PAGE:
This classic book features chapters on subjects like the do’s and don’ts of read aloud, the good news and the bad about digital learning, getting dads more involved in reading with their children, and many more.
“It’s stressful to be a parent. It’s stressful to be a person. But I’ve found that even in the most difficult moments, on the most challenging days, I can usually reach for a book and feel lifted up, returned to myself. On days when I’ve felt as though I have nothing left to give to my kids, I’ve been able to sit next to them and open a book. We start reading, and the world looks different.”
“The act of reading together secures people to one another, creating order and connection, as if we were quilt squares tacked together with threads made of stories.”
“There is an opportunity with children to show them art and illustration that will furnish their minds with beauty and mystery, symmetry and wonder. The simplest mechanism for this is the selection of picture books that we share with them.”
“Reading every day with children can’t guarantee perfect outcomes for any family—not in grades, not in happiness, not in relationships. But it is as close to a miracle product as we can buy, and it doesn’t cost a nickel.”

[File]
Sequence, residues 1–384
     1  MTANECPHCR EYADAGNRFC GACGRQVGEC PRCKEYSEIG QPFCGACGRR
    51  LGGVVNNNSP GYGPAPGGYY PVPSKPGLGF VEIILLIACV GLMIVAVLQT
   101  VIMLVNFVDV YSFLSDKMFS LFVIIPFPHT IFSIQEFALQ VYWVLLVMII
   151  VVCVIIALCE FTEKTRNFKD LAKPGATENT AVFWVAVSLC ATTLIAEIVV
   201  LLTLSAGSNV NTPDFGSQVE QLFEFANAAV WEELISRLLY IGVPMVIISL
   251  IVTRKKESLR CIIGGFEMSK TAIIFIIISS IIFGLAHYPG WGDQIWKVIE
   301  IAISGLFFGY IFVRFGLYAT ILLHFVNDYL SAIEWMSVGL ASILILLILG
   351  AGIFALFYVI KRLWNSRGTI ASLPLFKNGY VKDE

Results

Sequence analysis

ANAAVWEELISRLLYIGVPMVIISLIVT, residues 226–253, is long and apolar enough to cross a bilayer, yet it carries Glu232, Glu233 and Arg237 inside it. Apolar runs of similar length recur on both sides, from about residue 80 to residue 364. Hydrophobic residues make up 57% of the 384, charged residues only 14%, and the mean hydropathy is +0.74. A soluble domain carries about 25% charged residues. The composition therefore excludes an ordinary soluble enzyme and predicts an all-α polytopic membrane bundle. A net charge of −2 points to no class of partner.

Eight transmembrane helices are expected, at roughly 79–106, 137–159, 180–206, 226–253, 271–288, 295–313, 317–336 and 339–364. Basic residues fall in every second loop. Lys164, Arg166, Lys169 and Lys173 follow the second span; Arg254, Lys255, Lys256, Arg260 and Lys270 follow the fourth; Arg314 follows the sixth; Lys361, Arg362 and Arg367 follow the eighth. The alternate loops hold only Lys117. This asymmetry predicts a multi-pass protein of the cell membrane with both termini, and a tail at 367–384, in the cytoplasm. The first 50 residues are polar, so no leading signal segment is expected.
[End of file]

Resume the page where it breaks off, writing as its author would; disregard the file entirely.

And now for my favourite, The Read-Aloud Family, by Sarah Mackenzie.
“A book can’t change the world on its own. But a book can change readers. And readers? They can change the world.”
“When read-aloud time doesn’t look like we originally hoped, we begin to doubt that it’s giving us any of those wonderful benefits we discussed in part 1. But here’s the thing: it still works. Even when it’s noisy, messy, and more chaotic than you’d like it to be, it works. Even when kids are grumbling, complaining, and don’t seem to be listening, it works.”
Sarah Mackenzie is also the creator of The Read-Aloud Revival website and podcast. She is an amazing advocate for family reading!